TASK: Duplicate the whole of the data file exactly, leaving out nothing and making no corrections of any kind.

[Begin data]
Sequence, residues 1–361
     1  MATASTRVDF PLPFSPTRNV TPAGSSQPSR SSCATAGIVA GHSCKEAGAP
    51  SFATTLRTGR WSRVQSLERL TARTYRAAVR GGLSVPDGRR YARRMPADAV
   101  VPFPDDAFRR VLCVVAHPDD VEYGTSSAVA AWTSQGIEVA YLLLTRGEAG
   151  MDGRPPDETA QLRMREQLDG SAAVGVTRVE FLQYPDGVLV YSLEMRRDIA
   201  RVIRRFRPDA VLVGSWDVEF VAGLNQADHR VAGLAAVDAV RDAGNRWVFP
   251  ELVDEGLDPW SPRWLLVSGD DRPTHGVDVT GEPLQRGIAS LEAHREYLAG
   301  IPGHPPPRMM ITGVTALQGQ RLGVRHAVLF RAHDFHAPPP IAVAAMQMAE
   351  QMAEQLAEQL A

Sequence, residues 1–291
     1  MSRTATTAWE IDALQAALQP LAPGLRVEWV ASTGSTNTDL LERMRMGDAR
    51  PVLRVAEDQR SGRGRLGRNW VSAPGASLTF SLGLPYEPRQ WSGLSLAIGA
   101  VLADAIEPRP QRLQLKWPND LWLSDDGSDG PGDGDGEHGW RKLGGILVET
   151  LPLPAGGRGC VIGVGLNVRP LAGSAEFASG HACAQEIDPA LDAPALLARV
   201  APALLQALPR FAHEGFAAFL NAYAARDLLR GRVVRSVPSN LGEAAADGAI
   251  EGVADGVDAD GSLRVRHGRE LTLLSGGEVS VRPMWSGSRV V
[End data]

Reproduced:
Sequence, residues 1–361
     1  MATASTRVDF PLPFSPTRNV TPAGSSQPSR SSCATAGIVA GHSCKEAGAP
    51  SFATTLRTGR WSRVQSLERL TARTYRAAVR GGLSVPDGRR YARRMPADAV
   101  VPFPDDAFRR VLCVVAHPDD VEYGTSSAVA AWTSQGIEVA YLLLTRGEAG
   151  MDGRPPDETA QLRMREQLDG SAAVGVTRVE FLQYPDGVLV YSLEMRRDIA
   201  RVIRRFRPDA VLVGSWDVEF VAGLNQADHR VAGLAAVDAV RDAGNRWVFP
   251  ELVDEGLDPW SPRWLLVSGD DRPTHGVDVT GEPLQRGIAS LEAHREYLAG
   301  IPGHPPPRMM ITGVTALQGQ RLGVRHAVLF RAHDFHAPPP IAVAAMQMAE
   351  QMAEQLAEQL A

Sequence, residues 1–291
     1  MSRTATTAWE IDALQAALQP LAPGLRVEWV ASTGSTNTDL LERMRMGDAR
    51  PVLRVAEDQR SGRGRLGRNW VSAPGASLTF SLGLPYEPRQ WSGLSLAIGA
   101  VLADAIEPRP QRLQLKWPND LWLSDDGSDG PGDGDGEHGW RKLGGILVET
   151  LPLPAGGRGC VIGVGLNVRP LAGSAEFASG HACAQEIDPA LDAPALLARV
   201  APALLQALPR FAHEGFAAFL NAYAARDLLR GRVVRSVPSN LGEAAADGAI
   251  EGVADGVDAD GSLRVRHGRE LTLLSGGEVS VRPMWSGSRV V